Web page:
(screenshot from the platform for Sage 50)


Cascade is a convenient, easy to use platform which connects directly to Sage 50. It brings to life the data held within a business system, enhances decision making which ultimately leads to improved results. is available for £45/month (unlimited users) and can be paid by monthly or annual direct debit. For a free 14 day no obligation trial, sign up here.

About the author

Mark Donaldson is the founder of, which provides SMEs with an out of the box solution for Business Intelligence. As a Chartered Accountant, Consultant FD and Advisor, he understand the day to day challenges which SMEs face both embracing technology and adopting it.

Original version first published in nor(DEV): Magazine – September 2017

SMEs are Sitting on a Goldmine of Data – Small Explorations Achieve Big Impact

There are many resources which businesses need to make the most of in order to thrive in today’s market. But one kind of data which is routinely overlooked by entrepreneurs everywhere is data. For a huge number of small and medium businesses, data is actually one of their primary assets. To ignore such an asset, or not know what to do with it, can be something of a travesty. The trouble is that most of those enterprises have a lot of data sitting in the software they use, but barely ever make much use of it. So how can a business turn this situation around, and why should they do so?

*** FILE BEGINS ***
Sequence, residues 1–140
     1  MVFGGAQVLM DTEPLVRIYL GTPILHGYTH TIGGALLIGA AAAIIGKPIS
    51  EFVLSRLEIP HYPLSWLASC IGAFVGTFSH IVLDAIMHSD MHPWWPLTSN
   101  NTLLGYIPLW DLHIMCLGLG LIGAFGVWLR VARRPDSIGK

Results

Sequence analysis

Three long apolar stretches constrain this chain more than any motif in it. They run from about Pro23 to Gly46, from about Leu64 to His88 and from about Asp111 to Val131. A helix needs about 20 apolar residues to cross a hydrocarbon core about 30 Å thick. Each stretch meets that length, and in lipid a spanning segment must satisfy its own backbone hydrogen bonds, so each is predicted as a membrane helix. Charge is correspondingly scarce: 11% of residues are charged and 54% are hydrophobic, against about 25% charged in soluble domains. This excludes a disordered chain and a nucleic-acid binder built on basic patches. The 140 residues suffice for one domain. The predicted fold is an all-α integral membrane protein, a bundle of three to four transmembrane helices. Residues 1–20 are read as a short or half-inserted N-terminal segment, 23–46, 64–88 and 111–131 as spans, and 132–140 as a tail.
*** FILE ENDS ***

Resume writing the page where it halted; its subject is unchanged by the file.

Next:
Personalize The Customer’s Experience

Once you start to look into it, it becomes clear that the majority of the data you are sitting on is related directly to the customer. This is great news. Having such a goldmine can mean that you can begin to create a much more personal experience for the customer – something that all businesses could get behind. What’s more, you might even be surprised at how much even a small amount of data can do. Using proper business intelligence software, you can mine for this data in a very fine way and use what you discover to make life much easier for your customers. Making personalized recommendations, informing them of offers they will appreciate, even promoting loyalty schemes – it’s all made more effective by leveraging the right data.